lihood of crossing with a border smuggler (Singer and Massey, 1998; Massey, Durand, and Malone, 2002; Massey, Durand, and Pren, 2010).
Field data show that the vast majority of would-be unauthorized Mexican migrants—roughly 9 of 10—hire such smugglers to reduce the physical risk of clandestine entry and improve their prospects for evading the Border Patrol. The percentage of migrants using paid guides has steadily risen from the early 1990s, from around 80 percent to nearly 100 percent today (Mexican Migration Project, 2010). Not surprisingly, increased border enforcement also increases the cost of hiring a border smuggler, commonly known as a coyote (Massey, Durand, and Malone, 2002; Gathman, 2008; Massey, Durand, and Pren, 2010).
There are several reasons that the deterrent effects of enforcement are small, as shown in most studies. The most obvious is that rising enforcement at particular locations on the border simply induces migrants to cross elsewhere (Orrenius, 2004). Another reason is that as crossing costs have increased, migrants’ ability to finance crossings using their U.S.- based networks has also risen, resulting in little net effect of rising costs on the proclivity to migrate (McKenzie and Rapoport, 2007). A third reason is that, in the long term, the earnings gains from migration far outweigh border crossing costs, which also leads to little deterrent effect.
Finally, personal knowledge of border crossing and experience with worksite enforcement in the United States are positively correlated with intent to migrate, perhaps explaining the counterintuitive finding in some studies of a positive effect of enforcement on undocumented migration. Information about U.S. enforcement activities (both at the border and in the interior) continually flows from U.S.-based migrants to relatives and friends in migrant-sending communities. Having good information does not deter migration, and it may in fact increase the propensity to migrate by raising potential migrants’ confidence about their ability to circumvent barriers to illegal entry, find a better coyote, and so on (Fuentes et al., 2007; Parks et al., 2009; Hicken et al., 2010).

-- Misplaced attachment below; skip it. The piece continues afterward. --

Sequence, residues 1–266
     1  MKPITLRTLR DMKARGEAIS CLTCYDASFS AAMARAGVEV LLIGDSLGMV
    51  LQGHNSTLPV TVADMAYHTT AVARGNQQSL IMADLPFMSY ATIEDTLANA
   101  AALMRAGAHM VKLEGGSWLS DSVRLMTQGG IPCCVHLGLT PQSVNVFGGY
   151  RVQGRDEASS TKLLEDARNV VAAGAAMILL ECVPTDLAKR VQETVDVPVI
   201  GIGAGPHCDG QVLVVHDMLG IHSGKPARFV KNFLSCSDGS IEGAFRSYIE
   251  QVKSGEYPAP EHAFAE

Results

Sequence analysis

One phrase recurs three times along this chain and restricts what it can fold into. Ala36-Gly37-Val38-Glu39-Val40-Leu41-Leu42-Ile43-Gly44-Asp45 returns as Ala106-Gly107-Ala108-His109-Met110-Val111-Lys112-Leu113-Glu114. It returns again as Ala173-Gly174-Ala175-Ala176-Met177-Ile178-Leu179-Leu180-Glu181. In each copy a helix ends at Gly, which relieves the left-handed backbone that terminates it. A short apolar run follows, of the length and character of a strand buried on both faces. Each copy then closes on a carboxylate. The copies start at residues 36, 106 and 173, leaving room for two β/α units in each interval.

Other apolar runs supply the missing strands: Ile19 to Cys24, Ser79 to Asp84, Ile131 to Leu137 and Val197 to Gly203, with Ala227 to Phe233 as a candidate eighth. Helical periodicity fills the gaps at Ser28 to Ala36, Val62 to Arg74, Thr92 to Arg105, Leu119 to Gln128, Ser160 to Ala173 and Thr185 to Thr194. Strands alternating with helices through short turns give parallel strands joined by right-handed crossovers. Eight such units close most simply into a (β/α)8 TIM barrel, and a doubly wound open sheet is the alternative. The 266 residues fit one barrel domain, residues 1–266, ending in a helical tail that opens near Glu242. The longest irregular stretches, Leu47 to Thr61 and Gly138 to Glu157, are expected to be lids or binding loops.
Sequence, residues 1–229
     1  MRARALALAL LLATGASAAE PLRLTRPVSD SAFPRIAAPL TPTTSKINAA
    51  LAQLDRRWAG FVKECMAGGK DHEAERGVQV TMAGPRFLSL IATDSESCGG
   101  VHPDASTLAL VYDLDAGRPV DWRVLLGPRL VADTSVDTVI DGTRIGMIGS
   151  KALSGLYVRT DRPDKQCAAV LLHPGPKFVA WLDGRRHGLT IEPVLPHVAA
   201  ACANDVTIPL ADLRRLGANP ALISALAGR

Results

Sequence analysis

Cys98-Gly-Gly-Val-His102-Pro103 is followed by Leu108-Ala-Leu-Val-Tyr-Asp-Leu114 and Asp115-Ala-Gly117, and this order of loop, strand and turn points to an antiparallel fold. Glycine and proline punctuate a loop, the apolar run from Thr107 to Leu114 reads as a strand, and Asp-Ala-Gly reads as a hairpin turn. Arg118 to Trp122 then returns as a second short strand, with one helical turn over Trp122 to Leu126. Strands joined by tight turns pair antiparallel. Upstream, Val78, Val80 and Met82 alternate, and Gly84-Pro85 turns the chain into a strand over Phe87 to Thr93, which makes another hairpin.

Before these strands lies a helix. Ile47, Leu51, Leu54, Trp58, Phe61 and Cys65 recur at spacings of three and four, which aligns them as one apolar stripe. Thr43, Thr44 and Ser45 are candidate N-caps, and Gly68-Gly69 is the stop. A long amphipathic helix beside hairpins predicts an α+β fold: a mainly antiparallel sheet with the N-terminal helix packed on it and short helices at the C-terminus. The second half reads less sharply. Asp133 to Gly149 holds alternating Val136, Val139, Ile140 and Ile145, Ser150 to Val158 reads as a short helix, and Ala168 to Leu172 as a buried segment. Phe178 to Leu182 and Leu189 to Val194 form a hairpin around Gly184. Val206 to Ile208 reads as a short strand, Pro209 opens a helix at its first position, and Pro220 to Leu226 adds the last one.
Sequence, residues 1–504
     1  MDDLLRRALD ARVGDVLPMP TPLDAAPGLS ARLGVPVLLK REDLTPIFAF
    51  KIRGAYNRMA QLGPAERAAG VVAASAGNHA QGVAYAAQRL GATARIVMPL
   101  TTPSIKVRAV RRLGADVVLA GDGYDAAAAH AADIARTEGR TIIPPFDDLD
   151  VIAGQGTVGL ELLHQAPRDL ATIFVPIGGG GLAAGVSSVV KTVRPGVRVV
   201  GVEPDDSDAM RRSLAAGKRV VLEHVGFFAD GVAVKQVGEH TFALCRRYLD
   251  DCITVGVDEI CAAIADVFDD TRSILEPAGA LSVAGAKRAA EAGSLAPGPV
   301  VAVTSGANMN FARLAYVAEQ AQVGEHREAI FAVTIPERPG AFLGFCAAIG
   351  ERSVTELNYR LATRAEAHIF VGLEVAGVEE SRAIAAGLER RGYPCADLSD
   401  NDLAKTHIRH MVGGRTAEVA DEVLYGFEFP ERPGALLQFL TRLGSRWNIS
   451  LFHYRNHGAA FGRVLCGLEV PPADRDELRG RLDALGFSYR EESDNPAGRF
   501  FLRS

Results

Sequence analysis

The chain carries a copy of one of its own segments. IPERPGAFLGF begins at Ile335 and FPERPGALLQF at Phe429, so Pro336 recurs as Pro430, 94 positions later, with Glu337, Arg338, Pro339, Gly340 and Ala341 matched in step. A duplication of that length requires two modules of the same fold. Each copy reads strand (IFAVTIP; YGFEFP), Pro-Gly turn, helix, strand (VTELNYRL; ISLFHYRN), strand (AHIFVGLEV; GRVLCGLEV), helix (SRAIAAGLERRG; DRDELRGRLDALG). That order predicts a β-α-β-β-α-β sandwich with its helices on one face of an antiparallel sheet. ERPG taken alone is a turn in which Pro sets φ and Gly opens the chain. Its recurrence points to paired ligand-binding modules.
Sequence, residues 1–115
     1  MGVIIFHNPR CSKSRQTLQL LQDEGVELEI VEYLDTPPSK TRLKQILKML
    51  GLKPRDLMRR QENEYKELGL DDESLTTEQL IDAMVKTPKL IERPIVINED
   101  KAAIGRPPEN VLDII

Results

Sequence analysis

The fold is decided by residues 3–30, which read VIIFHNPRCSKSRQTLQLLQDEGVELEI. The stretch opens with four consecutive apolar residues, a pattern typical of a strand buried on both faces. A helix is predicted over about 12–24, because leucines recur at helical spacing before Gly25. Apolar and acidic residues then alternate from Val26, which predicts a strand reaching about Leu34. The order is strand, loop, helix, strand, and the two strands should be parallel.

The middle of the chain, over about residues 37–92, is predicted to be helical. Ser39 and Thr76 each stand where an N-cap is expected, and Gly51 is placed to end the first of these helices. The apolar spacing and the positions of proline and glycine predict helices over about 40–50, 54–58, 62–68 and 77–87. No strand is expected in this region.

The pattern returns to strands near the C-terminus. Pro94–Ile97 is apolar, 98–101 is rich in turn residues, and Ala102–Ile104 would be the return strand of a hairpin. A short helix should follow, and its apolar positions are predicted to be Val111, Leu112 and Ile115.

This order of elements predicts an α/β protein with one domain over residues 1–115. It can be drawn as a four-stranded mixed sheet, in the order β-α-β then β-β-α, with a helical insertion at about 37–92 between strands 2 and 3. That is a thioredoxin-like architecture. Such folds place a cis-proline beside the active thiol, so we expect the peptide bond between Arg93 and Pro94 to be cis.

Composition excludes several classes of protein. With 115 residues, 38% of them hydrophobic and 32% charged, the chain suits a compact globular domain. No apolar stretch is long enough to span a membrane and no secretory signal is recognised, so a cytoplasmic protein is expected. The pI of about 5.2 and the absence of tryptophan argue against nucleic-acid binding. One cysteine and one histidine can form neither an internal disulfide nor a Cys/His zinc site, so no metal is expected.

Other research has also noted that migration and enforcement are endogenous,8 making causal effects difficult to discern (Hanson and Spilimbergo, 1999). Field data gathered in 2007-2011 suggest that enforcement is a bigger deterrent of potential migrants when they also face a lack of jobs in the United States. This interactive effect reflects the changed calculus of expected economic returns to migration during a recessionary period. According to survey data, migrants’ perceptions of the intensity of border enforcement were essentially stable during this period. During each year of the recession, 9 of 10 potential migrants believed that it was
8Since the Border Patrol responds to increases in illegal crossings by ramping up enforcement, crossings and enforcement often appear to rise together.